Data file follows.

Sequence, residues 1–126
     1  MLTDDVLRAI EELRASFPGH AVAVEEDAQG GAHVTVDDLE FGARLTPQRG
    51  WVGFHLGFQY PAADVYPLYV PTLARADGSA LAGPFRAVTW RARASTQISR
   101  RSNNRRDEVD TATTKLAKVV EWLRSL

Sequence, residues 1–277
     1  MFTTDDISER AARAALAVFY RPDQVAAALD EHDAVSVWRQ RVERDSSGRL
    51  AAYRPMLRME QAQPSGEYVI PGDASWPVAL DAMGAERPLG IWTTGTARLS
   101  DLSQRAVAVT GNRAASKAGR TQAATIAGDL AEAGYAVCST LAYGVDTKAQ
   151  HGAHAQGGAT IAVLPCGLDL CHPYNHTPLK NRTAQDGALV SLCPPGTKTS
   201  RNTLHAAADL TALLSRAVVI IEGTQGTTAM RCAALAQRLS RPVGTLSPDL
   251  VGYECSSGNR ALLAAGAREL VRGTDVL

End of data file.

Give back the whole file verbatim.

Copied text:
Sequence, residues 1–126
     1  MLTDDVLRAI EELRASFPGH AVAVEEDAQG GAHVTVDDLE FGARLTPQRG
    51  WVGFHLGFQY PAADVYPLYV PTLARADGSA LAGPFRAVTW RARASTQISR
   101  RSNNRRDEVD TATTKLAKVV EWLRSL

Sequence, residues 1–277
     1  MFTTDDISER AARAALAVFY RPDQVAAALD EHDAVSVWRQ RVERDSSGRL
    51  AAYRPMLRME QAQPSGEYVI PGDASWPVAL DAMGAERPLG IWTTGTARLS
   101  DLSQRAVAVT GNRAASKAGR TQAATIAGDL AEAGYAVCST LAYGVDTKAQ
   151  HGAHAQGGAT IAVLPCGLDL CHPYNHTPLK NRTAQDGALV SLCPPGTKTS
   201  RNTLHAAADL TALLSRAVVI IEGTQGTTAM RCAALAQRLS RPVGTLSPDL
   251  VGYECSSGNR ALLAAGAREL VRGTDVL